She cast her eyes downward, uncertain of the warmth spreading in her heart. She decided to change the subject. “Have you been in town all this time and we’ve never met?”
“I live in New Pony these days,” Dietrich explained. “Just here on a visit.”
“Oh, New Pony–the museums, libraries, parks, architecture!” Caprice sighed longingly. “I’d love to go there one day.”
“There’s no reason you can’t,” Dietrich said simply.
“Oh, Mother and Father say it’s much too dangerous,” Caprice sighed.
“You just need a dependable guide.” And he pulled her just a smidge closer.
“And you, sir, would be just the thing, of course?” Caprice said with an arch look.
“Of course,” he agreed.
“And what do you do for a living?” she asked, trying to reign-in her racing heart.
“I’m a reporter for the New Pony Times.”
“You’re easy to talk to,” Caprice told him.
“You think so?” Dietrich looked at her quizzically.
“I could tell you anything,” she said softly.
The dance ended. It felt so comfortable in his embrace, and she was loath to leave his side.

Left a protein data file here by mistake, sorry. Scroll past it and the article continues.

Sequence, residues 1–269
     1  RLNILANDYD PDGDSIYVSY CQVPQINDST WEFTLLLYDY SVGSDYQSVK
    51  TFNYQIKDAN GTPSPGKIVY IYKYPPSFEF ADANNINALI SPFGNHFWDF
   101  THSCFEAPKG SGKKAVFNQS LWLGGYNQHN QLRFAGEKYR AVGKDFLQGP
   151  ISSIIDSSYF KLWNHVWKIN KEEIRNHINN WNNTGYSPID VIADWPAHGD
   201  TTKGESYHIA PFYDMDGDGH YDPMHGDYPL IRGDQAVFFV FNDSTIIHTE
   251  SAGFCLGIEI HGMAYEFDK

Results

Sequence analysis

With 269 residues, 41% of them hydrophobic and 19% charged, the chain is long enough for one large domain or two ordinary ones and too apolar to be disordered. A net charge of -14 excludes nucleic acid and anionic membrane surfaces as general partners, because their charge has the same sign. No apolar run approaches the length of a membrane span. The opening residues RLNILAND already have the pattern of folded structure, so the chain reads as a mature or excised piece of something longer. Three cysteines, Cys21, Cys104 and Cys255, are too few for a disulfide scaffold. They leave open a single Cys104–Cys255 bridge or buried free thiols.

“I’d like to show you something,” she said shyly.
“Oh?” Dietrich raised his eyebrows inquiringly.
“If you don’t mind a short walk. Come with me.” Giggling, she tugged him along with her.
* * *
“Hubert! What are you doing, hiding behind this pillar?” Agatha chided, approaching the coral stallion seated on a bench, obscured by the pillar on one side and a potted plant with wide sweeping leaves on the other.
“Oh, you know,” said Hubert, sighing as he closed the book on his lap, an ancient-looking dusty tome. “Waiting for Caprice to have a dance open.”
Agatha sighed in frustration. Caprice was a skittish little filly, too nervous and immature to complement Hubert, whose quiet dedication and fanciful nature had endeared himself to Agatha since they had been in grade school together. Though he didn’t have an emotional attachment to the filly, he was obedient to his family’s wishes that he court and eventually marry the Monk heiress.
Hubert had no head for courtship rituals, but Agatha was at a point in her life that she wanted to settle down. It was her summer project to bring him up to scratch and commit to marriage.
“Well, you missed your chance; she’s high-tailed it out of here,” Agatha pointed out.
“Really?” Hubert’s face brightened. He scooted over on the bench and gestured for her to join him.